Try valuing your own name… and… enjoy!

A. "786" is the total value of the letters of "Bismillah al-Rahman al-Rahim". In Arabic there are two methods of arranging letters. One method is the most common method known as the alphabetical method. Here we begin with Alif, ba, ta, tha etc. The other method is known as the Abjad method or ordinal method. In this method each letter has an arithmetic value assigned to it from one to one thousand. The letters are arranged in the following order: Abjad, Hawwaz, Hutti, Kalaman, Sa'fas, Qarshat, Sakhaz, Zazagh. This arrangement was done, most probably in the 3rd century of Hijrah during the 'Abbasid period, following other Semitic languages such as Phoenician, Aramaic, Hebrew, Syriac, Chaldean etc.

If you take the numeric values of all the letters of the Basmalah, according to the Abjad order, the total will be 786. In the Indian subcontinent the Abjad numerals became quite popular. Some people, mostly in India and Pakistan, use 786 as a substitute for Bismillah. They write this number to avoid writing the name of Allah or the Qur'anic ayah on ordinary papers. This tradition is not from the time of the Prophet -peace be upon him- or his Sahabah. It developed much later, perhaps during the later 'Abbasid period. We do not know of any reputable Imams or Jurists who used this number instead of the Bismillah.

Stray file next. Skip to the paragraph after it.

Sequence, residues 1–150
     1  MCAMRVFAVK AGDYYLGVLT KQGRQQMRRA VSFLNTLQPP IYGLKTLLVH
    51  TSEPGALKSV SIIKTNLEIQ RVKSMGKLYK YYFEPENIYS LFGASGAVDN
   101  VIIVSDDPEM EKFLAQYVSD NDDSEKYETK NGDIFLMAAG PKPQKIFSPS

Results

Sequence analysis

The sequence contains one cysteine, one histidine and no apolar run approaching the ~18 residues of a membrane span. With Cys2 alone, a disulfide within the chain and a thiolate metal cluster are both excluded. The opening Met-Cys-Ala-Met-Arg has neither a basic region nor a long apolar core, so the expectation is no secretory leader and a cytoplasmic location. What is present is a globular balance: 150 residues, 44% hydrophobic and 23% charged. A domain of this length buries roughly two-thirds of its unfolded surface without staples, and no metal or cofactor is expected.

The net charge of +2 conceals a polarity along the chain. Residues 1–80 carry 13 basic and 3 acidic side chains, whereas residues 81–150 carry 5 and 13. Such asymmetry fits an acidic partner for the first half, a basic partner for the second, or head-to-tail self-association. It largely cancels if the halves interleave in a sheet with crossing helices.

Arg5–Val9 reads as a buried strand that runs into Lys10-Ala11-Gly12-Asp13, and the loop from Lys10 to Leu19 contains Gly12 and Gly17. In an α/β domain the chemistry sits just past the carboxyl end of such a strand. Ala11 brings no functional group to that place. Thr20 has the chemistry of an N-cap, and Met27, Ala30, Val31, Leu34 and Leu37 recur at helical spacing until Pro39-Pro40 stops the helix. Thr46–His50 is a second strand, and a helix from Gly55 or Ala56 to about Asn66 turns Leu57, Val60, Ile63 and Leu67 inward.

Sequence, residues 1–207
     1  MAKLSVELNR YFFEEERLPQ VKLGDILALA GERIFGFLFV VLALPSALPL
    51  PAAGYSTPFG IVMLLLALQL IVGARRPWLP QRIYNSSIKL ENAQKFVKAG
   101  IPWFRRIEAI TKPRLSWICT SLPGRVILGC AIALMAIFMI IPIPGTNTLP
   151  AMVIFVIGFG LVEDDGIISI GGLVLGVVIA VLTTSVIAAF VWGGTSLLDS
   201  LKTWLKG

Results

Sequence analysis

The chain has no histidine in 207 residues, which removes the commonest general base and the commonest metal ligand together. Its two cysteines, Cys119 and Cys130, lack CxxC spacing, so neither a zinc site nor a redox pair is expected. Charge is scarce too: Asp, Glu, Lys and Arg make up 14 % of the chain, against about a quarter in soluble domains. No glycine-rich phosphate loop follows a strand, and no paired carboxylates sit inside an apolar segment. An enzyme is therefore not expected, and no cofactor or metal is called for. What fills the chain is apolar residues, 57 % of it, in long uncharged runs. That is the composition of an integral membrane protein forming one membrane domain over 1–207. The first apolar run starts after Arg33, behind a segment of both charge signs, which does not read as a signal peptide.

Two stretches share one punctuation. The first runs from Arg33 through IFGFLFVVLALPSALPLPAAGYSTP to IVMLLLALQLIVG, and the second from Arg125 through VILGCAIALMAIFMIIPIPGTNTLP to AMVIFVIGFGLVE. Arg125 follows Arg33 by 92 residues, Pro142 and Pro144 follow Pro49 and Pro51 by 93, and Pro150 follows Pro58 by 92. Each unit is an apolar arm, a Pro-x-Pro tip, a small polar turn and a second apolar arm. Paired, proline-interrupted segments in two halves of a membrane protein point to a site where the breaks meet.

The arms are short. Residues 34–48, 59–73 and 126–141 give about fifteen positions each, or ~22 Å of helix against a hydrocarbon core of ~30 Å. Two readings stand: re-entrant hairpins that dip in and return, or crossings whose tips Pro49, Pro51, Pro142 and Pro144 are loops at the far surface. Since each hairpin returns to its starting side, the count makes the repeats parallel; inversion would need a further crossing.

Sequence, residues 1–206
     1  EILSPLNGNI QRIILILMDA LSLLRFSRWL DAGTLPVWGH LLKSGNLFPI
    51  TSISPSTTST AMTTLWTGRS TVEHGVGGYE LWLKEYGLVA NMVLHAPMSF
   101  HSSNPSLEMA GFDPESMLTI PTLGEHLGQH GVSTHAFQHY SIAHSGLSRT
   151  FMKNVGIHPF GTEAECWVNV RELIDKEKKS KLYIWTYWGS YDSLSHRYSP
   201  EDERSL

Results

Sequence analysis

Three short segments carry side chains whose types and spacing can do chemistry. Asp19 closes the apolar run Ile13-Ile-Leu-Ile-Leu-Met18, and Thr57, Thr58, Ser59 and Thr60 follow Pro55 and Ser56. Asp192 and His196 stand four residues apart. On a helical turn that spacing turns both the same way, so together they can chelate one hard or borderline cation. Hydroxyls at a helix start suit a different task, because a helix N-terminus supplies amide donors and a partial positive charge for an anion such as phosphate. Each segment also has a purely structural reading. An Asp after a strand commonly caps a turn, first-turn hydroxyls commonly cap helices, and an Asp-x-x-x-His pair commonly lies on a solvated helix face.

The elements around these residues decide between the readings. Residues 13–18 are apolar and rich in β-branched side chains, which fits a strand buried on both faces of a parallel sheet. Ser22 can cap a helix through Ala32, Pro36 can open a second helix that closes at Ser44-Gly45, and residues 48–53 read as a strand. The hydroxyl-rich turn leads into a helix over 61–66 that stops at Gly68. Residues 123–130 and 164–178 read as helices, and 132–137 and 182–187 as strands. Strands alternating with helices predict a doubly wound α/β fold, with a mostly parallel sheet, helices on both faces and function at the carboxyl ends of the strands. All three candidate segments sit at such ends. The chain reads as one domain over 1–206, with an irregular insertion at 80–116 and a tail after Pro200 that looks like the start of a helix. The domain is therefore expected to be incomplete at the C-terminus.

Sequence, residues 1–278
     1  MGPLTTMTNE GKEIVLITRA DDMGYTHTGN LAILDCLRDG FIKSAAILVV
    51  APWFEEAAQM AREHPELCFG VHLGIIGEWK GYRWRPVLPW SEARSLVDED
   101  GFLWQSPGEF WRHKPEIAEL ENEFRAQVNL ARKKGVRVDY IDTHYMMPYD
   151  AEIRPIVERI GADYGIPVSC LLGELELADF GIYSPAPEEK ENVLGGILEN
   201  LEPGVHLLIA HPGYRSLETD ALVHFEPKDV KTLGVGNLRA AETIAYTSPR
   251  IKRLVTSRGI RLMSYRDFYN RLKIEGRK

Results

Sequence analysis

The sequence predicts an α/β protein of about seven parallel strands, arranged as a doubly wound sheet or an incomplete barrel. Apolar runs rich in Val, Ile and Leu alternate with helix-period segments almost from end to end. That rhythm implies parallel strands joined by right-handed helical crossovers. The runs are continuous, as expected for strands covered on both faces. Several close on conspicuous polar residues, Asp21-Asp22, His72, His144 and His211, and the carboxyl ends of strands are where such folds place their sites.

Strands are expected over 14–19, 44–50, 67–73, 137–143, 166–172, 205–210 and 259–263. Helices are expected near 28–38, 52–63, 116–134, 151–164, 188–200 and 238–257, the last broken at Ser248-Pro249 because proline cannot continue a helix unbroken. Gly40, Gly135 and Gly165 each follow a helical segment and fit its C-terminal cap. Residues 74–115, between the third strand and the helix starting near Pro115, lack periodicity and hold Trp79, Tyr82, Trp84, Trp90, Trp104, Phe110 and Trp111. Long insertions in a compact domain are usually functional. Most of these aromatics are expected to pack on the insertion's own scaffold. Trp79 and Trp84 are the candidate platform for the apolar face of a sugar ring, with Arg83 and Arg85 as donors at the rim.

Herewith below is the table:

Each Arabic letter corresponds to a certain numerical value in the following way: -

Alif – 1

Baa – 2

Jeem – 3

Daal – 4

Haa (small) – 5

Waaw – 6

Zaa – 7

Haa (big) – 8

Tau – 9

Yaa – 10

Kaaf – 20

Laam – 30

Meem – 40

Noon – 50

Seen – 60

Ayn – 70

Faa – 80

Saud – 90

Quaf – 100

Raa – 200

Sheen – 300

Taa – 400

THaa – 500

Khaa – 600

Thaal – 700

Dhaud – 800

Thau – 900

Ghayn – 1000

Any letter not included above has the same numerical value as the one written like it in this table. E.g., Hamza is the same as Alif.

Now calculate Bismillahir Rahmaanir Raheem, which consists of the following letters: -

Baa = 2; Seen = 60; Meem = 40; Alif = 1; Laam = 30; Laam = 30; Haa (Small) = 5; Alif=1; Laam = 30; Raa = 200; Haa (big) = 8; Meem = 40; Noon = 50; Alif = 1; Laam = 30; Raa = 200; Haa (big) = 8; Yaa = 10; Meem = 40.

Add all the numerical values and you will find the total to be 786.

This is how the Arabic letters are valued numerically. The practice of substituting Bismillahir Rahmaan Nir Raheem with the number 786 is not substantiated by the Ahadith nor the Qur'aan. This was merely the practice of some of our pious predecessors. It is not a Sunnah practice nor does it hold any virtue.

It is permissible to use the number 786 on letterheads etc if there is a fear of the name Allah being disrespected. According to the numeric values mentioned in the famous lexicon, Fairuzul Lughaat, the number 786 symbolizes Bismillahir Rahmaan Nir Raheem if the numeric value of each letter in Bismillahir Rahmaan Nir Raheem is added up.

Try valuing your own name… and… enjoy!